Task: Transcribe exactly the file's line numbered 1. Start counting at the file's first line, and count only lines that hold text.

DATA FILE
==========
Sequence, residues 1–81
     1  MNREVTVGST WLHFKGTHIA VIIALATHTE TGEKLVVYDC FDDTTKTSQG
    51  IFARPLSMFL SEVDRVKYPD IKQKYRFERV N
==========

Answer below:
Sequence, residues 1–81